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| Gaming |

Five Nights at Freddy’s Creator Defends Anti-LGBT Political Donations

Cawthon's conservative donations have disappointed his LGBT fans.
Cawthon's conservative donations have disappointed his LGBT fans.
Screencap from the Five Nights at Freddy's: Sister Location teaser trailer
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Scott Cawthon, the Houston-born/Austin-based creator of the hit horror game series Five Nights At Freddy’s, is a major donor to Republican politicians. Records from Open Secrets show that since 2015 he has made $42,204 in contributions, almost all of them to Republican candidates. The sole exception is former Hawaii Representative Tulsi Gabbard, a Democrat, who he gave $2,500 in 2019 during the Democratic Presidential Primary. His other beneficiaries include Devin Nunes, Kevin McCarthy, John Cornyn, Ben Carson, and Donald Trump.

The universal support for so many conservative politicians was a sore blow to the LGBT fans of the FNAF series. The games have a huge LGBT fanbase responsible for terabytes worth of fanart. As the series has progressed from its gritty beginnings, the evolution of the haunted animatronics from raggedy monsters to sleek, colorful, more-feminine looks has resonated with queer gamers. Blue Capsules, a collaborative FNAF fan comic, spoke out harshly against the revelation on Twitter.

“We are unanimously appalled by the discovery that Scott Cawthon has donated large sums to prominent republican figures,” the statement read. “As a diverse team composed largely of LGBT and neurodivergent artists it's difficult to properly express the magnitude of our disappointment.”

Cawthon has made a rare public statement in defense of his actions, which unfortunately has only worsened the appearance of him as a man working against the interests of marginalized groups. He released a long statement on the FNAF sub-Reddit. In it, he claims to love his LGBT fanbase and affirms his position as a pro-Life Christian, but he makes some rather disturbing justifications.

“For those who took the time to look, you saw that the candidates I supported included men, women, white people, black people, republicans, and democrats,” the statement read. “I supported Kimberly Klacik in Baltimore because I believed that she really cared for the African American community there and wanted to pull them out of poverty. I believed she could have really make a difference in a time when so many black communities were struggling. She lost, unfortunately. I supported Tulsi Gabbard, a democrat, even though I disagreed with her on several issues, because I felt she would have been a good and fair president. And yes, I supported President Trump, because I felt he was the best man to fuel a strong economy and stand up to America's enemies abroad, of which there are many. Even if there were candidates who had better things to say to the LGBT community directly, and bigger promises to make, I believed that their stances on other issues would have ended up doing much greater harm to those communities than good.”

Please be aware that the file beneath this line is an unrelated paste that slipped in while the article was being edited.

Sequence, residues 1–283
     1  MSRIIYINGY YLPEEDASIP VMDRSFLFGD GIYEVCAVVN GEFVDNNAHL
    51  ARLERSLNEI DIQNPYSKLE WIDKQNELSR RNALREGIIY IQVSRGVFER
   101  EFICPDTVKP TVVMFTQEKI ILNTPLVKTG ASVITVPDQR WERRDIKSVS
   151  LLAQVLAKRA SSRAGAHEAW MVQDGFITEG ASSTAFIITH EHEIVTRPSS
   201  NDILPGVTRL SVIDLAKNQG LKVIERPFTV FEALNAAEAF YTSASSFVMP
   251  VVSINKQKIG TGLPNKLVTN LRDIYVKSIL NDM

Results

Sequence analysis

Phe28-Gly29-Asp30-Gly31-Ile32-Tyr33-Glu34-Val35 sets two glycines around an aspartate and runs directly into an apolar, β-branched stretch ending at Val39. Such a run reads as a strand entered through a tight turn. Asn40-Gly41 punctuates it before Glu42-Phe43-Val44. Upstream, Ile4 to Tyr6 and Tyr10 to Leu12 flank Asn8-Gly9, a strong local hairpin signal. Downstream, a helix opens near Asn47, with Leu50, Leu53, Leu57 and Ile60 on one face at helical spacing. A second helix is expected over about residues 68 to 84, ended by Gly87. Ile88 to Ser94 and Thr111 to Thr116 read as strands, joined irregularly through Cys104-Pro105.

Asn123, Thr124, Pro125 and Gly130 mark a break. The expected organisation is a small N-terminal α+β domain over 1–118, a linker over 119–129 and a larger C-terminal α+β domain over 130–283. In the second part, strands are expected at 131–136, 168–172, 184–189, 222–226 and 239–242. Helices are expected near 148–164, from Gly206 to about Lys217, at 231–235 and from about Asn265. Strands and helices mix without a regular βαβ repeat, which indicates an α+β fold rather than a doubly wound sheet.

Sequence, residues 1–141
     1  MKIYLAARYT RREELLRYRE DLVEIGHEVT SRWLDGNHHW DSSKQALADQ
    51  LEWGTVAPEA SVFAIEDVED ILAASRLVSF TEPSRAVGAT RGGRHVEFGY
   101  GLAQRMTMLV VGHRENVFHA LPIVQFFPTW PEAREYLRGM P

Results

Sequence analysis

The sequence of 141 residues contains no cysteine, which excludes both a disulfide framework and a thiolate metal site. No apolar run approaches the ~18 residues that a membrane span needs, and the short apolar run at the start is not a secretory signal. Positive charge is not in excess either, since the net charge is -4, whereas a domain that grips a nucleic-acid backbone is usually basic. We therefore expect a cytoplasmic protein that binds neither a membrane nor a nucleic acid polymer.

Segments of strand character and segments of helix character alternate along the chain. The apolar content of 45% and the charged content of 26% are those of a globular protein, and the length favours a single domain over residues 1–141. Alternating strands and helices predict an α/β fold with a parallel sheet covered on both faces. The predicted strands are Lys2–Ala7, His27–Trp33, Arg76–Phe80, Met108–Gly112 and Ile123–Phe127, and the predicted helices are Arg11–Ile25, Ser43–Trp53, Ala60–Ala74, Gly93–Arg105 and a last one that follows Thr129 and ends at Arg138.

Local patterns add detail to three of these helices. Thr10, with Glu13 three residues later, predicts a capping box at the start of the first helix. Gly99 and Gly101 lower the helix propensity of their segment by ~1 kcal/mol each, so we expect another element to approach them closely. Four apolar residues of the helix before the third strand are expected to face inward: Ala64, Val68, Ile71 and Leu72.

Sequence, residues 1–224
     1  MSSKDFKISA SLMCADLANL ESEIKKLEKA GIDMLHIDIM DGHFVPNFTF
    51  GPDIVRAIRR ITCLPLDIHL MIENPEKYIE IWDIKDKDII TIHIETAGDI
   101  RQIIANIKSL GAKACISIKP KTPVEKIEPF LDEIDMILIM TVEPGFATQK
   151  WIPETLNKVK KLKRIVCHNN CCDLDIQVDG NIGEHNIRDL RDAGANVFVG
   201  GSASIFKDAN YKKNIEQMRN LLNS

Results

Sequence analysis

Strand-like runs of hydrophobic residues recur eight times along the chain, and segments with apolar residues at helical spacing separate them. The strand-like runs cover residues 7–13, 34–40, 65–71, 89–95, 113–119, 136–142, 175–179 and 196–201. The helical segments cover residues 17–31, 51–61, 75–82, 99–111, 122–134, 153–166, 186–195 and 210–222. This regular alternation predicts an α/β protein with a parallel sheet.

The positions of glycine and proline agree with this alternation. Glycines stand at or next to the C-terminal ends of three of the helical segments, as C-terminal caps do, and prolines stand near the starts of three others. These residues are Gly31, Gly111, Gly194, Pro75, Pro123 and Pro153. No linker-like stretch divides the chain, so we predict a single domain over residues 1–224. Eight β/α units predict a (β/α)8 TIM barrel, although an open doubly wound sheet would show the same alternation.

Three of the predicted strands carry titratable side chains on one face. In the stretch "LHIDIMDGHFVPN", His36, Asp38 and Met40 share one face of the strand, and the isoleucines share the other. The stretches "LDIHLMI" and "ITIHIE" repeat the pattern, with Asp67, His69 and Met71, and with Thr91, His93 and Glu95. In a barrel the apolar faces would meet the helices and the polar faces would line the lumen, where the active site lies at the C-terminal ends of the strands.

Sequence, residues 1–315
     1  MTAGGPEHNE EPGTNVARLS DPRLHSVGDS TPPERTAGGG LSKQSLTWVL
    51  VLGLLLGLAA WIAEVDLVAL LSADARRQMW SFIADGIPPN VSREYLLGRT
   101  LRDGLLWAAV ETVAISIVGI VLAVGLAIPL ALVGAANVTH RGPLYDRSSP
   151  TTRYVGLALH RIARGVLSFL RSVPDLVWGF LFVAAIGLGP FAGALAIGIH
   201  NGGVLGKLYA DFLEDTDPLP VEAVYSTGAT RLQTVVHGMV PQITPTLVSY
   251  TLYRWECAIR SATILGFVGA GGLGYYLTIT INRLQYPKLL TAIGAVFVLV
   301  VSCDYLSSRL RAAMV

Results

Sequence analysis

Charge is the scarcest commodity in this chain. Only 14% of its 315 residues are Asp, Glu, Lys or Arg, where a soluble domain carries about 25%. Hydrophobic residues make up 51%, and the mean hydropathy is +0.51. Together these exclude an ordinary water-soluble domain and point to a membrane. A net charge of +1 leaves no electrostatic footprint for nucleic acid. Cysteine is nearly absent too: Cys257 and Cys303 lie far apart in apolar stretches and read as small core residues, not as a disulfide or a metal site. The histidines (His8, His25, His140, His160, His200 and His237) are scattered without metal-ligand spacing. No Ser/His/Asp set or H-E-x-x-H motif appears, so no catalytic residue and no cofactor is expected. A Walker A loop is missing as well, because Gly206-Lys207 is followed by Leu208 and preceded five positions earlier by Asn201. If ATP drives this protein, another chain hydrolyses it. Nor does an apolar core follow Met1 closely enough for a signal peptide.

Cawthon’s reasoning seems to be that his support for various anti-LGBT candidates is outweighed by the economic good that Republicans supposedly bring to the country. A particularly pervasive train of thought in conservative circles is that the left’s focus on direct aid to marginalized groups is what is keeping them impoverished, while the true solution is simply to shove more capitalism at inequality until it goes away.

In practice, this hasn’t worked and likely never will. Not only did the economy tank under Trump, but he also actively worked against LGBT rights. In addition to his famous ban on trans people serving in the military, with just a couple of weeks left in term he rolled back protections for LGBT people against discrimination under the Department of Health and Human Services. He also rescinded a school guidance policy that gave aid to trans students. While it’s possible that Trump made some LGBT people richer and safer, he inarguably made more vulnerable and less protected.

Nor does Cawthon’s support of Gabbard speak highly of his regard for LGBT people. Gabbard was consistently the most anti-LGBT person in the Democratic field. She has a long history of working with her father as part of campaigns to ban marriage equality and promote deadly conversion therapy for LGBT youth. Gabbard has since said that she regrets her previous anti-LGBT work.

How much of this backlash will harm Cawthon is debatable. By his own admission in his statement, he no longer runs the FNAF empire for the money. The popularity of the series has made him worth an estimated $60 million. Much like Harry Potter author J.K. Rowling, he has likely gone beyond the point where a boycott from the LGBT people he hurts will affect him in any way. Still, it’s sad to see a property that has been fully embraced by the LGBT community tarnished by its creator’s political cruelty.

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